1887
banner image
No data available.
Please log in to see this content.
You have no subscription access to this content.
No metrics data to plot.
The attempt to load metrics for this article has failed.
The attempt to plot a graph for these metrics has failed.
Invited Article: The coherent optical laser beam recombination technique (COLBERT) spectrometer: Coherent multidimensional spectroscopy made easier
Rent:
Rent this article for
USD
10.1063/1.3624752
/content/aip/journal/rsi/82/8/10.1063/1.3624752
http://aip.metastore.ingenta.com/content/aip/journal/rsi/82/8/10.1063/1.3624752
View: Figures

Figures

Image of FIG. 1.
FIG. 1.

GaAs exciton and multiexciton states. (a) Exciton ladder illustrating the ground state (|0⟩), the two exciton states (|1⟩), the three biexciton states (|2⟩), and the four triexciton states (|3⟩). The approximate energies of each level are listed. The binding energies of the multiexcitons are about 1–3 meV. (b) The absorption spectrum has two peaks at about 1540 meV and 1547 meV for the H and L excitons, respectively.

Image of FIG. 2.
FIG. 2.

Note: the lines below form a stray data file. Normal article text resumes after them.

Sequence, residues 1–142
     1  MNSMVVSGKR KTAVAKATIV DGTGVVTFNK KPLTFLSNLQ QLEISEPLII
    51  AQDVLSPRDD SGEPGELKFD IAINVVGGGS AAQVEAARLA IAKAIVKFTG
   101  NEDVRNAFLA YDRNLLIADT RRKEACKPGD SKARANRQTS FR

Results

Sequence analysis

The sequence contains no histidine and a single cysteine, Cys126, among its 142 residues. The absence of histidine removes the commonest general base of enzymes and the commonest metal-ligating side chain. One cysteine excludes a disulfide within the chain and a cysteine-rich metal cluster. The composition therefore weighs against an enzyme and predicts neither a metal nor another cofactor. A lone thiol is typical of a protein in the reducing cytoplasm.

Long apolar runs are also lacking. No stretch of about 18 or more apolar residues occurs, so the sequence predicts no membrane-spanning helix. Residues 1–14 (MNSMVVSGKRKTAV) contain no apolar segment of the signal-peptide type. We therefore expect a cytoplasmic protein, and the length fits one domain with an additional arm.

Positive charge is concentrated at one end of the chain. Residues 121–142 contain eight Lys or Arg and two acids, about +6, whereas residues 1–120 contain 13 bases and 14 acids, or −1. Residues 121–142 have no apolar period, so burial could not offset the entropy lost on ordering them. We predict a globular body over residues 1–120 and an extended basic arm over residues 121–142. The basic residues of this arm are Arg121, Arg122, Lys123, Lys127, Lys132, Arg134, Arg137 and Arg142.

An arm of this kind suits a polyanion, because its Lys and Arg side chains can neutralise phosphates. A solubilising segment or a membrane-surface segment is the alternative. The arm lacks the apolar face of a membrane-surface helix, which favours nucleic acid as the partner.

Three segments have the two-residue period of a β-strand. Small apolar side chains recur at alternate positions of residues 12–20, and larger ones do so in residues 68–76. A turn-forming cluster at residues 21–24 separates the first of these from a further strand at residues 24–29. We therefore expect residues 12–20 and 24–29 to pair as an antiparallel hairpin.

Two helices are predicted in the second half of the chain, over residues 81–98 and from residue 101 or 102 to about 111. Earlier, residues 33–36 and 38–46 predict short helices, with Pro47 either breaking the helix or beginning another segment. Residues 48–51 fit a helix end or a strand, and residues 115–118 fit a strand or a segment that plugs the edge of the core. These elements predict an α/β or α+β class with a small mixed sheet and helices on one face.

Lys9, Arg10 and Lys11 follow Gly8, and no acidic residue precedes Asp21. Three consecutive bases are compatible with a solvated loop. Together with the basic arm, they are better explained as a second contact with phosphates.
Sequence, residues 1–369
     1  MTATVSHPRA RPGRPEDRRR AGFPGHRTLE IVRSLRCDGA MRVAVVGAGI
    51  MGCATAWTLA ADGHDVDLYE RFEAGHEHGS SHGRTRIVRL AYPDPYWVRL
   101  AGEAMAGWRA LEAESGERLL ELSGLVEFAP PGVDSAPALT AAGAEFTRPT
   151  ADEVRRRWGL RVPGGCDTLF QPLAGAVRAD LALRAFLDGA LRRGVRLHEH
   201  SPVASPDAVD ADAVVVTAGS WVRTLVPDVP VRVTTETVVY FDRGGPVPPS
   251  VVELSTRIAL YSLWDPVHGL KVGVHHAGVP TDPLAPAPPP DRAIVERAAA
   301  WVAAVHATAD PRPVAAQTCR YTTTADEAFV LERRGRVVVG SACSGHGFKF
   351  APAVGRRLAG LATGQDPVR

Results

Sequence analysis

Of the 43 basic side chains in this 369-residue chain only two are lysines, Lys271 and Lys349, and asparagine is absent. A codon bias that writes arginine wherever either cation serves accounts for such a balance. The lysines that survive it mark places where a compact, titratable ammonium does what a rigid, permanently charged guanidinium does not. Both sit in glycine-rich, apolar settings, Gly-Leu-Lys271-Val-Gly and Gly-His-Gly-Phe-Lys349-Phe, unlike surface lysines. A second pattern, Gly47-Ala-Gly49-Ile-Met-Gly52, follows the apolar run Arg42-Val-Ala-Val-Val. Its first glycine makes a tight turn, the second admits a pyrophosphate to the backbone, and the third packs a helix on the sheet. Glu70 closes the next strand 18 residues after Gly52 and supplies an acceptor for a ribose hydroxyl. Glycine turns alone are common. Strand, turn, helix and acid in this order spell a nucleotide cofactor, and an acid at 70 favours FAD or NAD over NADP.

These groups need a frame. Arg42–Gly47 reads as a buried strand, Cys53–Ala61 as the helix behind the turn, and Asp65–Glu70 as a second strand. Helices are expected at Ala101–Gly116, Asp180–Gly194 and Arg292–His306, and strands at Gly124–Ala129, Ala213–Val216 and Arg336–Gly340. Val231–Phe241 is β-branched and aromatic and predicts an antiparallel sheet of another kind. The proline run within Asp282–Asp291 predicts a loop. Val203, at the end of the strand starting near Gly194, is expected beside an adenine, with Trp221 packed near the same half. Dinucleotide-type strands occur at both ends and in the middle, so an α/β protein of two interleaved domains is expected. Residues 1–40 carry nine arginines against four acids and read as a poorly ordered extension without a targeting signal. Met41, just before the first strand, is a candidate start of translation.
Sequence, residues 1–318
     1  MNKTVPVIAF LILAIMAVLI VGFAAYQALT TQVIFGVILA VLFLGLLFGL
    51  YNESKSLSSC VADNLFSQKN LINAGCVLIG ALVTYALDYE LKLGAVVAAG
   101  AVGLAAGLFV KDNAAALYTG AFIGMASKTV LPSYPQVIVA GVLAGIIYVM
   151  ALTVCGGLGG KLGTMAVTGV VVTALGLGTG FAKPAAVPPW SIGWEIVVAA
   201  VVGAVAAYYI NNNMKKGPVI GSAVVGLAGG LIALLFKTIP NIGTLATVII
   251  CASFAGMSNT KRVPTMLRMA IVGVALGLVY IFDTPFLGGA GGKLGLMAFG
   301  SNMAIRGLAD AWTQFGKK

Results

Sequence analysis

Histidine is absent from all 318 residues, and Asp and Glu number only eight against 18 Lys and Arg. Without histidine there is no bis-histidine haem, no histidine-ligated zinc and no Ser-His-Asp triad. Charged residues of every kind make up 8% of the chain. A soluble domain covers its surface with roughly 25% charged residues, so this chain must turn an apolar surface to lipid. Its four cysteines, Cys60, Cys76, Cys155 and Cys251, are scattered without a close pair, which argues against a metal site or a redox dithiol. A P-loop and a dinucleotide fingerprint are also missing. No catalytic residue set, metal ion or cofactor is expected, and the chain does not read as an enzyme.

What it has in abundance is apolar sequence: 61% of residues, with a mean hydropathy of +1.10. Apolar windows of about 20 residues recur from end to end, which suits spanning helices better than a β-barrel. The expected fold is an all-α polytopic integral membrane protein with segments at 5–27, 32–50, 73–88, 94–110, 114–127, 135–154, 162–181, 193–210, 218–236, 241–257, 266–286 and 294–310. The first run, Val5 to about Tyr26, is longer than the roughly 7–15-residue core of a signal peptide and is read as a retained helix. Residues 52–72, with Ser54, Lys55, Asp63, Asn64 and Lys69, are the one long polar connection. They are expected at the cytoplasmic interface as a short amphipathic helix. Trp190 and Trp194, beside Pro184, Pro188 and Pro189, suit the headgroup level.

Experimental apparatus for coherent multidimensional spectroscopy. (a) The apparatus contains four essential components: a laser producing femtosecond pulses (red box), a spatial beam shaper producing a user-defined 2D geometrical arrangement of beams (blue box), a spatiotemporal pulse shaper capable of independently delaying and phase-shifting each pulse in the set of beams (green box), and finally a signal detector which in this case is a spectrometer with a CCD array (grey box). The three-beam geometry is shown for clarity. For additional clarity, the final lens which collimates the signal and LO and the waveplates used to control the polarization of each beam are not shown. (b) A more detailed depiction of the apparatus following the same color-coding scheme as above but illustrating a four-beam, Y-shaped geometry. The spatial beam shaper is composed of two lenses and a 2D spatial light modulator (SLM 1). The spatiotemporal pulse shaper imparts delays and phase shifts to the pulses in the beams by constructing sawtooth phase grating patterns on the second 2D SLM (SLM 2). After lens L5, the beams have the geometry defined by SLM 1 with relative pulse timings and phases (or more general specified amplitude and phase profiles) defined by SLM 2. The signal is generated in the same direction as the LO; this beam is isolated by the iris. Their frequency-dependent interference fringes are read by a CCD detector after diffraction by the grating (G2) in the spectrometer. The focusing mirror in the spectrometer is not illustrated. (c) The beam geometry at three points in the pulse shaper. The top arrangement illustrates propagation throughout most of the device. The middle is the beam arrangement at the plane of the cylindrical lens (CL) in the pulse shaper. The bottom arrangement shows how the beams are refocused on the SLM 2 surface so that a single frequency component encounters one vertical column of pixels, regardless of which beam is considered. (d) The SLM 2 plane is focused by lens L4 to the plane of the pick-off mirror (M), which is adjusted to send only the desired first-order diffraction order from the SLM 2 vertical grating pixel patterns toward the sample. The light grey lines illustrate the incoming beam and the black lines illustrate the outgoing beam.